McDonald’s Loses Artisan Label on New Irish Burger
When is an artisan burger not an artisan burger? When it’s a McDonald’s special in Ireland. Yesterday, McDonald’s hailed the creation of its first artisan Irish burger, the McMor, which broadly trans...
When is an artisan burger not an artisan burger? When it’s a McDonald’s special in Ireland.
Yesterday, McDonald’s hailed the creation of its first artisan Irish burger, the McMor, which broadly translates as a Big Mac. The McMor contains Ballymaloe Relish and Charleville Cheddar Cheese, and its “potato-flaked bun” is layered with shredded cabbage atop beef and bacon, the company said.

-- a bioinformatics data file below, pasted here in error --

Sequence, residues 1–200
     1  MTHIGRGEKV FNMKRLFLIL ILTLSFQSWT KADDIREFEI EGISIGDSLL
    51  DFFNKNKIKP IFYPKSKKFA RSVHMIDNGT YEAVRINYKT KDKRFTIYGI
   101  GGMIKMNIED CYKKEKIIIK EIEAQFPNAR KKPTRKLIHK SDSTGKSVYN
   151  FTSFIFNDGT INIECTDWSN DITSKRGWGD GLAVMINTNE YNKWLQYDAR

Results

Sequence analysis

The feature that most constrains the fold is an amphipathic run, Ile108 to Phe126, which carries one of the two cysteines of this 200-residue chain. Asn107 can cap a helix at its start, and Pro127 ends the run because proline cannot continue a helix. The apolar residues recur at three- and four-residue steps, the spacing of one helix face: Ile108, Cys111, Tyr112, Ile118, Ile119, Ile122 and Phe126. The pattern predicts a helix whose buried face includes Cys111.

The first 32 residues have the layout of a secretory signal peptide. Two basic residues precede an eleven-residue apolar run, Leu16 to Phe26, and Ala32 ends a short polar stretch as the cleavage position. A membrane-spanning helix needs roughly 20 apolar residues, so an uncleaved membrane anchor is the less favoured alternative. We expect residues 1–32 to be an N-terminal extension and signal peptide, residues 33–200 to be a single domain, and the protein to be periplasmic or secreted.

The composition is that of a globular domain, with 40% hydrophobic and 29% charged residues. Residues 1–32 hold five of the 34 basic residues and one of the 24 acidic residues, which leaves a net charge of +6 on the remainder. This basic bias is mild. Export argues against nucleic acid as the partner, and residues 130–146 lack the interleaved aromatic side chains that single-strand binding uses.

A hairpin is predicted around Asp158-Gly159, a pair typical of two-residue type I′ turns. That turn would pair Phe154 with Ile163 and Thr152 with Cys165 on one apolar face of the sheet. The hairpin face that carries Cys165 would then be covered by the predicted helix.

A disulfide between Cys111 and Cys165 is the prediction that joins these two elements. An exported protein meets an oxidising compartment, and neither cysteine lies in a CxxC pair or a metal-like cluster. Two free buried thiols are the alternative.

Trouble is, the artisan tag quickly ran into trouble in Ireland, where food authorities provide guidelines on what deserves that description. The term only applies if the product is made in limited quantities by skilled craftspeople, the processing method isn’t totally mechanised and locally grown or produced food is used when available.
"The usage of the term artisan is, as we are now aware, inaccurate in so far as it is in breach of some of the recently launched, voluntary guidelines around the usage of the term in the marketing of food,” McDonald’s said in a e-mailed statement. “This specific term will no longer be used in any news release around the limited-edition McMor.”
The Irish Times earlier reported the decision. The McMor will be available in all McDonald’s outlets in Ireland starting Wednesday for six weeks.
News by Bloomberg, edited by Hospitality Ireland